The HoloFiles

REVIEW: The Bubble

By Josh Bate

Writer and director Judd Apatow is no stranger to comedic projects, having worked on and been directly involved in the likes of Knocked Up, Girls, Pineapple Express, and, more recently, The King of Staten Island. Throughout his filmography, Apatow displays ability to fuse comedy with serious circumstances, as highlighted by 2009’s Funny People, where Adam Sandler’s character is diagnosed with cancer but retains a sense of humor throughout. Pete Davidson’s semi-fictionalized The King of Staten Island is another example of this, as Apatow included lighthearted moments in an otherwise serious story about a young man navigating life with mental illness.

Apatow’s latest film, The Bubble, which he made for Netflix and features an all star cast, is no different. Set in the initial stages of the pandemic, The Bubble follows a team of actors, filmmakers, and crew workers as they all quarantine together while making a movie titled Cliff Beasts 6, a play on the Jurassic World franchise. Here, the jokes are free flowing with the backdrop of the COVID-19 pandemic and a world that was yet to get vaccines. The characters get into a variety of strange situations amidst unprecedented times and the absurdity of putting people’s lives on the line (as they take to the extreme) to make a movie becomes apparent as the film goes on.

As stated, Apatow assembled a great cast that includes Karen Gillan, Keegan Michael Key, Pedro Pascal, David Duchovny, Leslie Mann, Iris Apatow, Fred Admisen, and more, along with a few unannounced familiar faces that audiences are certain to recognize. Broadly speaking, The Bubble does a relatively good job to balance of these performers and their characters. The film is set in one hotel and film lot and features dozens of famous faces, but they all get their chance to shine. Particular highlights of the ensemble include David Duchovny, most known for his work on The X-Files but has also made the foray into comedy before with his Emmy-winning Showtime series Californiacation. Duchovny is the elder statesman of the group, referring to himself as “the guardian” of the Cliff Beasts franchise and takes it upon himself to rewrite mass portions of the script. Fans of the behind the scenes stories of The X-Files will enjoy this in particular, as Duchovny acted as a ghost writer for many episodes and was said to often be rewriting pages in his trailer between takes. Of course, Duchovny did this in order to improve each episode and the series more broadly, but that his character turns into a wannabe screenwriter in this film is a humorous, satirical callback of sorts to that.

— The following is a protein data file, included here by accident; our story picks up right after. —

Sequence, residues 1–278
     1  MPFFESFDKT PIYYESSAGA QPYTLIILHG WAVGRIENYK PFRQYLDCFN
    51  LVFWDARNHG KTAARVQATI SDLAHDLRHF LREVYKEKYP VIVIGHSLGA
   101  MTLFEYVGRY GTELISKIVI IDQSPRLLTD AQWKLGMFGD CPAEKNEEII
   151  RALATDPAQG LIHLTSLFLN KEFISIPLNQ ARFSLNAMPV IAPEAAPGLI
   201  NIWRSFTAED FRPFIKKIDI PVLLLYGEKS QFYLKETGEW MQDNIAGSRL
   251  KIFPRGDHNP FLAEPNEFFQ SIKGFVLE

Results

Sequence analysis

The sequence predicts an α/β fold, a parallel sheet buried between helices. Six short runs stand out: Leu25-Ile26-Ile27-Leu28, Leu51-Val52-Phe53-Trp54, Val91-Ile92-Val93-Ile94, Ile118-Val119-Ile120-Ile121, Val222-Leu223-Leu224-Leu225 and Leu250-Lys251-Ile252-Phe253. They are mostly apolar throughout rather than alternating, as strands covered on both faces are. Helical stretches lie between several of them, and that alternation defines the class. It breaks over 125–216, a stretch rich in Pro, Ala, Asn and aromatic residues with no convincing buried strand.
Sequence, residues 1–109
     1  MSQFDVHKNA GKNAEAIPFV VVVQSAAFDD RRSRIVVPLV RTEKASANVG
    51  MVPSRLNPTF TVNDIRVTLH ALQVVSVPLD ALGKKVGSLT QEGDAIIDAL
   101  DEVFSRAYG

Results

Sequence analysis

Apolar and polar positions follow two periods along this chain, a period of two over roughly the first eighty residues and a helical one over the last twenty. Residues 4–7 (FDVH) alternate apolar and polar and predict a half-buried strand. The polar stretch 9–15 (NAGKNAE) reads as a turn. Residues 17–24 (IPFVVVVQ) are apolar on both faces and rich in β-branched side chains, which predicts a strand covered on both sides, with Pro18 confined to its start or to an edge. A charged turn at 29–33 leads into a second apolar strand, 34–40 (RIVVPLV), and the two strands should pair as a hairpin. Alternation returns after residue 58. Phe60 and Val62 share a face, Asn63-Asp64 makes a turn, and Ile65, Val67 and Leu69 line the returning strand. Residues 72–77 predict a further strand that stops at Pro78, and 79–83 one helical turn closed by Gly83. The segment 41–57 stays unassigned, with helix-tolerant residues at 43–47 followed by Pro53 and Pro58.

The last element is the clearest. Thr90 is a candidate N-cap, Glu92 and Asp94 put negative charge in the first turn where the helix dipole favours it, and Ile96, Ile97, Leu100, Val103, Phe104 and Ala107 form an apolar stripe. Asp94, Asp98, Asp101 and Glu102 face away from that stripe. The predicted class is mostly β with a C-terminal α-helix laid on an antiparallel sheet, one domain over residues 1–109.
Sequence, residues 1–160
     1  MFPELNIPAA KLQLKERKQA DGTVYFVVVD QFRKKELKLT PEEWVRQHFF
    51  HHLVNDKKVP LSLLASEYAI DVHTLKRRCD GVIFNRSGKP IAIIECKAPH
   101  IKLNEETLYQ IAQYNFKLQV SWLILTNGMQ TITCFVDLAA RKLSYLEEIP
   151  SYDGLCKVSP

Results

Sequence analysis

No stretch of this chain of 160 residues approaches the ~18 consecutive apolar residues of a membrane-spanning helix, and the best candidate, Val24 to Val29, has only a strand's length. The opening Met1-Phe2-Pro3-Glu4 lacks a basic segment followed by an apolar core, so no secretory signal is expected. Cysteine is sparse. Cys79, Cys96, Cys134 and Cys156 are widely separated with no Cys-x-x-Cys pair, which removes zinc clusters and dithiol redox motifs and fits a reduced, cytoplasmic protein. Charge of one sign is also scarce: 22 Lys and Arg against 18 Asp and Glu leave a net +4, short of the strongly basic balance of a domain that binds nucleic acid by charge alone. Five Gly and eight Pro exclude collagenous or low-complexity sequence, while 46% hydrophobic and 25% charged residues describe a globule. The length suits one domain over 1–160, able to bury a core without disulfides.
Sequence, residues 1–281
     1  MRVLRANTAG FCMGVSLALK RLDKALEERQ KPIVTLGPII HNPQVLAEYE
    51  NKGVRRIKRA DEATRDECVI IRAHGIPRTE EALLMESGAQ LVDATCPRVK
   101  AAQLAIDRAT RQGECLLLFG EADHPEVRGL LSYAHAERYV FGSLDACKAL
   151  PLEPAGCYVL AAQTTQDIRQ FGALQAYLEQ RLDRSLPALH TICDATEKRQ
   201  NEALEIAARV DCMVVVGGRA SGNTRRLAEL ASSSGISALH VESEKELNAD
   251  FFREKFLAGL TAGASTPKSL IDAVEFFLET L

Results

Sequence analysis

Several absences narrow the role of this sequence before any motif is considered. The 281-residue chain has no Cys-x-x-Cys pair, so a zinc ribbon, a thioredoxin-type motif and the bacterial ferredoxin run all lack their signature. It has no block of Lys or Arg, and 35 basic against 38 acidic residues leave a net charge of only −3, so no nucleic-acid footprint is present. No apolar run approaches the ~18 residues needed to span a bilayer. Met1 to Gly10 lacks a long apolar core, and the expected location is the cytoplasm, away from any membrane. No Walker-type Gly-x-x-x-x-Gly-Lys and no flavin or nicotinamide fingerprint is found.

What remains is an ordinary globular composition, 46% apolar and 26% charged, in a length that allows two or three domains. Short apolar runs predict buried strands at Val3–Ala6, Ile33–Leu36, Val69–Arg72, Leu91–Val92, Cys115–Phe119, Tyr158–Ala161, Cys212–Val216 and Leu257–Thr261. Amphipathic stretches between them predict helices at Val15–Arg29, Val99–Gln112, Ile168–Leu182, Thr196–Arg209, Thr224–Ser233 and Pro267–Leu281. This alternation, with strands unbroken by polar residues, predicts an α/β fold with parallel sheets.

Pedro Pascal is another actor who shines in The Bubble as he plays Dieter Bravo, an aloof performer who also happens to be a drug addict and an overall strange individual. Pascal’s character takes hard drugs in the film, yet goes on to refuse to wear a tracking device as he doesn’t want the airwaves to corrupt his body in an incredibly ironic and funny moment. Pascal’s Bravo is meant to represent some of the more problematic actors of the past that caused production issues on their projects due to their off-camera behavior, so having him essentially misbehave amidst a pandemic and strict rules imposed upon him results in some humorous situations.

The Bubble is funny and does a good job at its main goal to make audiences laugh, but it fails to capitalize on its incredibly unique premise as much as it could. Many of the early jokes in particular fall flat, and although the film does get better as it goes along, there’s an aura of missed opportunity to it all. Audiences’ appetite for an early pandemic set film, in which fears of the virus that very much remain today with the majority of the public are on full display, might disappear after The Bubble. It ultimately seems a toss up as to whether or not viewers would want to watch something like this again, especially as the pandemic continues into the future, as people might opt for a pure distraction of sorts rather than a very real, albeit comedic, outing.

Certain actors like Duchovny and Pascal, two of the main highlights of the film, don’t appear as much as they could, which seems like another missed opportunity that contributes to the overall feeling that Apatow and co. don’t capitalize fully on the amazing premise they conceived of. That one might be left wanting more of Duchovny and Pascal come the end of the film is, in part, an issue with the ensemble. While it’s great to see so many familiar faces, there’s an argument to be made that the sheer size of the cast means that no one really gets a chance to shine as much as they deserve, which is incredibly unfortunate given the immense talent on display.

Verdict: 7/10

The Bubble isn’t quite as good as its premise might suggest, but is still an entertaining and fun viewing. Pedro Pascal and David Duchovny are the two main highlights of a massive ensemble that, while talented, might also have benefited from some trimming down.

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